I was still in bed this morning when I heard the words come out of David Gregory's mouth on "Meet the Press" (by the way, I don't condone waking up to the sound of Gregory's voice -- I'll be trying to shake that for the rest of the day). Half-asleep, I thought I had surely misheard him. Then he repeated it: Newt Gingrich won the endorsement of New Hampshire's most influential (and conservative) newspaper, the Manchester Union Leader.
This is a big moment for the former speaker. The Union Leader's is one of the few endorsements in a presidential cycle that's worth its weight in gold and it solidifies him as Romney's main rival heading into primary season.
Two things in the endorsement stick out. The first is the rationale for Newt, which was virtually transcribed from Rob's description of his family's views on this week's episode of the main podcast:
America is at a crucial crossroads. It is not going to be enough to merely replace Barack Obama next year. We are in critical need of the innovative, forward-looking strategy and positive leadership that Gingrich has shown he is capable of providing.
He did so with the Contract with America. He did it in bringing in the first Republican House in 40 years and by forging balanced budgets and even a surplus despite the political challenge of dealing with a Democratic President. A lot of candidates say they're going to improve Washington. Newt Gingrich has actually done that, and in this race he offers the best shot of doing it again.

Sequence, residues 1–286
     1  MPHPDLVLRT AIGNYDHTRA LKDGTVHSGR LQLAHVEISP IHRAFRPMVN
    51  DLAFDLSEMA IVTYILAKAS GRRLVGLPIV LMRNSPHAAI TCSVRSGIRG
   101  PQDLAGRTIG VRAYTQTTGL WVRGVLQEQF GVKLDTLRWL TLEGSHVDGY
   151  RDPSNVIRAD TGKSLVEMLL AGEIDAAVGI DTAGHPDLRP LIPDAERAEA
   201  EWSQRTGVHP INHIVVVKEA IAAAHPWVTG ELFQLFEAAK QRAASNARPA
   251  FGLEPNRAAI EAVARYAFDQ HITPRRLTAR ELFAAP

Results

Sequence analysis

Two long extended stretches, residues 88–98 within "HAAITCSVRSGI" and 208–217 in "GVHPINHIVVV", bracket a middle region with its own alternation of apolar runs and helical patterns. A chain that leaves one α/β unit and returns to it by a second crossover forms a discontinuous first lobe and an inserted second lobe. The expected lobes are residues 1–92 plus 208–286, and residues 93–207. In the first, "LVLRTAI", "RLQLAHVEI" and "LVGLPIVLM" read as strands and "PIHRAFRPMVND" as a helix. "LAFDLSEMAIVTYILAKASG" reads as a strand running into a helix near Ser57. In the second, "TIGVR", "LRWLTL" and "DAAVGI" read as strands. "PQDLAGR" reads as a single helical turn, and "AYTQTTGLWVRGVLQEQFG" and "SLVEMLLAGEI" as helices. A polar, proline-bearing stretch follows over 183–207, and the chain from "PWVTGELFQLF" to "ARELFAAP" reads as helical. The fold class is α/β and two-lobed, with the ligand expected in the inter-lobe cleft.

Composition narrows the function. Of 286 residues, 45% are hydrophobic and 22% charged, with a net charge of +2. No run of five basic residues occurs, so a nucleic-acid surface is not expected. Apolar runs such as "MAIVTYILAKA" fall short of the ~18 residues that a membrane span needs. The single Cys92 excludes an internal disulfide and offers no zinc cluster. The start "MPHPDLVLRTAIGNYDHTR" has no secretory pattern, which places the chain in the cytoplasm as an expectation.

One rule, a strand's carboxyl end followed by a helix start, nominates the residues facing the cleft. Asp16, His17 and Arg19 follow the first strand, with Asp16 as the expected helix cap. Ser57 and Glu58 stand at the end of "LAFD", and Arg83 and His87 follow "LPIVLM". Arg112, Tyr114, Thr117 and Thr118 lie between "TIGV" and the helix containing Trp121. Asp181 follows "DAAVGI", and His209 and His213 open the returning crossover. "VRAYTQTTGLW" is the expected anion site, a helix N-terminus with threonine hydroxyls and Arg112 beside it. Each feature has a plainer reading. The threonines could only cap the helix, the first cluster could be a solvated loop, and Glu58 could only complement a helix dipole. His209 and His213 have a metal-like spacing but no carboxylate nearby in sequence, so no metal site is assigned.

The other revealing excerpt is the thinly-veiled shot at Romney. This is particularly relevant because this is the kind of sentiment that a lot of political wise men thought would be exhausted before the voting started:
Readers of the Union Leader and Sunday News know that we don't back candidates based on popularity polls or big-shot backers. We look for conservatives of courage and conviction who are independent-minded, grounded in their core beliefs about this nation and its people, and best equipped for the job.
We don't have to agree with them on every issue. We would rather back someone with whom we may sometimes disagree than one who tells us what he thinks we want to hear.
Newt Gingrich is by no means the perfect candidate. But Republican primary voters too often make the mistake of preferring an unattainable ideal to the best candidate who is actually running.
Buckle your seat belts, folks. The road to the White House is about to get very bumpy for all involved.